I’ve been working on my techniques soldering whole boards using hot air reflow. I’ve made many mistakes in the past, many habits I still have. I was very impatient at the start -- cranking the heat way up and toasting the living hell out of any parts I was soldering. Then I learned to use the preheating station, which helped a bit, but I still needed to add too much extra heat with the hot air. Then I realized that the temperature reading on the front of the preheat plate doesn’t reflect the PCB temperature, which is what I really want to know. It’s been a frustrating, iterative process.
My most recent upgrade has been to use an IR thermometer to read the surface temperature of the PCB. This has helped my accuracy quite a bit, but the readings were still unreliable. I was digging around in my parts bin and I came across an old tube of Artic Silver 3 thermal paste, used for building PCs. It was a small Eureka moment -- what if I bonded a temperature probe to the PCB? I tried out a few things today, and this is the workflow that I came up with:
- Screw the board down to the preheating station. This is a prototype board for work, so I can’t yet post any details. This is the bottom side of the board where I’ll be soldering a Samtec QTE connector.
- Next i’ve been experimenting with clamping a Fluke Temperature Probe to the PCB, using a little bit of extra thermal paste to ensure an accurate measurement. I’m using a spare alligator clip from a test cable, which seems to be able to take the heat.
- Next I apply some solder paste to the board. I’ve been using some ChipQuik lead free solder paste and I haven’t been terribly pleased with the results. It’s either come out too runny or too thick for what I need to do. This board I added too much solder and had to wick it away afterwards. The next few boards I used a tissue to wipe away excess solder paste. Not ideal, but it worked.
- My next innovation -- adding a cover to the preheating station! I noticed that the preheating station was not effective at actually heating the board up -- too much heat was allowed to escape around the edges of the PCB. Adding a simple, 2 layer shield of tinfoil has made a dramatic improvement. I’m actually able to get the PCB up to reflow temperature -- I don’t even need to use the hot air gun in many situations.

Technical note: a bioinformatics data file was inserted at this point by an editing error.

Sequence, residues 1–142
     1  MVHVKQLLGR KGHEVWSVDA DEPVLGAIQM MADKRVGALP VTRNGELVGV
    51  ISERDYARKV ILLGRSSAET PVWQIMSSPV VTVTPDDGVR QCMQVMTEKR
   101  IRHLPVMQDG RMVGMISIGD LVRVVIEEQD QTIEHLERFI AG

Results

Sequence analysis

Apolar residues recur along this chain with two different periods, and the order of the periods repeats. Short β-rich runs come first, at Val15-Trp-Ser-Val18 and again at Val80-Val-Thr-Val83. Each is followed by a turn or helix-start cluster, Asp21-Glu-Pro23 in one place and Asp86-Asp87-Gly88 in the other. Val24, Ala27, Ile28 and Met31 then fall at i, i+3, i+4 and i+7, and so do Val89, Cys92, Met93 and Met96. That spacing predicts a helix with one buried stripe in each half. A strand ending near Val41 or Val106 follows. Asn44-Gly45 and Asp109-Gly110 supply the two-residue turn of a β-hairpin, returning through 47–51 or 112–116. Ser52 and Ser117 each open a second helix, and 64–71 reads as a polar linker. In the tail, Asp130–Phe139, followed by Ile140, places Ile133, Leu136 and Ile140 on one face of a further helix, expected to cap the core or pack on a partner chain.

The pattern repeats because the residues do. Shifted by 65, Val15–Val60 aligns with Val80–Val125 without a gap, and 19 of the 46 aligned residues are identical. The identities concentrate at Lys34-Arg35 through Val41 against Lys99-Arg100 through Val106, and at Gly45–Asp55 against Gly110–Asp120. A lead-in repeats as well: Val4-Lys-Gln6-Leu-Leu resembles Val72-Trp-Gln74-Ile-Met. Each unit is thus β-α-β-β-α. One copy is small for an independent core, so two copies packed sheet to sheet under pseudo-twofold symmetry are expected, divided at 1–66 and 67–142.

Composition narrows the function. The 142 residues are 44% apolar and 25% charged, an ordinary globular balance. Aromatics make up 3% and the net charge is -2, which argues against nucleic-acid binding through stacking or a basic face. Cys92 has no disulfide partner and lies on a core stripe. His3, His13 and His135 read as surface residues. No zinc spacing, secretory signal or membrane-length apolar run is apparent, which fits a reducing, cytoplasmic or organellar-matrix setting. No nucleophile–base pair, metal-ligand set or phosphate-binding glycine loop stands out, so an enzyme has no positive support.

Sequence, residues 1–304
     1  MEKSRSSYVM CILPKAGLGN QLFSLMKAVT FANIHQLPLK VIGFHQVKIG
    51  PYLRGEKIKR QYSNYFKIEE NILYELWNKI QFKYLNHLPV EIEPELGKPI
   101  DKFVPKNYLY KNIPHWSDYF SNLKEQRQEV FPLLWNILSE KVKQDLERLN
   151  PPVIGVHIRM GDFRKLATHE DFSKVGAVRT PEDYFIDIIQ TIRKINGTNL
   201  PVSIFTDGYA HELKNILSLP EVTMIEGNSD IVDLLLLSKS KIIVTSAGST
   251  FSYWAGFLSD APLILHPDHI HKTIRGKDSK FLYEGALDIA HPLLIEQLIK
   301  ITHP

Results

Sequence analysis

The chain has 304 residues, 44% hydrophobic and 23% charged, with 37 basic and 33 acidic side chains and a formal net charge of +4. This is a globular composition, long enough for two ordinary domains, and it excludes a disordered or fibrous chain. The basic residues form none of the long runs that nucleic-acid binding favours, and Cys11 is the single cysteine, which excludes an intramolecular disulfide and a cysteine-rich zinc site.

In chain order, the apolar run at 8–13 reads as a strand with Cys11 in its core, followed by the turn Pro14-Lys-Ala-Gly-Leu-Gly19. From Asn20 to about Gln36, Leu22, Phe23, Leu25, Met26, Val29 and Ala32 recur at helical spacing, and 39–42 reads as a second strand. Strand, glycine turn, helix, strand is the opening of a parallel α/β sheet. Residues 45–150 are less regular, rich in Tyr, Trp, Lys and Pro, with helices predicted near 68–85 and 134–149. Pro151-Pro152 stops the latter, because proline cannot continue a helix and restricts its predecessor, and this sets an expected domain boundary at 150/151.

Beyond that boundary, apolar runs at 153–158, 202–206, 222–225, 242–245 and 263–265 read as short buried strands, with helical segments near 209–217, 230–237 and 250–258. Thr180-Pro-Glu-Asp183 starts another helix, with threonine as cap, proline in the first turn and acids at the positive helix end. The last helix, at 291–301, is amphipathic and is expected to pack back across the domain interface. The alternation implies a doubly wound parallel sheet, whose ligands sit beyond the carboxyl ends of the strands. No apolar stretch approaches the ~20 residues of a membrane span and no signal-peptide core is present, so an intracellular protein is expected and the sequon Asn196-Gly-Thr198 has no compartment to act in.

- You need to be careful heating this board up. There are a variety of factors that make it difficult to regulate temperature reliably. The preheating station has a lot of overshoot when trying to maintain temperature, especially when warming the board from cold. I found it more effective to raise the temperature in 25-50C chunks. Also, the thermal mass of the PCB ground plane causes a lag between the hot air and the PCB actually rising in temperature. To compensate for this, i would watch the PCB temperature and would increase the temperature when I saw the rate of increase slowing down. The rule of thumb I came up with -- increasing the temperature by 25-50C at each point in which the preheat station temperature gauge starts falling.
- Beforehand, I checked the reflow temperature curve for the QTE part, looking in the back of it’s datasheet. It indicates that reflow zone should occur above 217C, and should go no higher than 235-255C. I dramatically removed the cover when the multimeter read 210C. Lo and behold, the solder had already reflowed! I used the hot air gun (set at 260C) to ensure that the part was fully warmed, then I tapped the PCB a little bit to jiggle the part into place. This is another black art of PCB rework -- the surface tension of the solder pads is so great that with the right amount of vibration the part will center itself! It’s not easy to do perfectly -- so often i’d over-tap and the part would slide off the wrong direction…
- Another mistake I made was trying to rework the board while it was at reflow temperatures. At a PCB temperature of 200C, the solder is still molten enough to give way if the part is moved at all. It’s important to remember to cool the board down before trying to wick away excess solder. I used this temperature combo very successfully -- it’s so much easier to work with the board while it’s warm, even with a soldering iron.
- Done! This was a few boards later, when I got a chance to improve. This was the result of using less solder, heating the board to above 210C, and getting better at my PCB tapping skills. I’m really happy it came out so well, and without the need for extra rework! Bonus.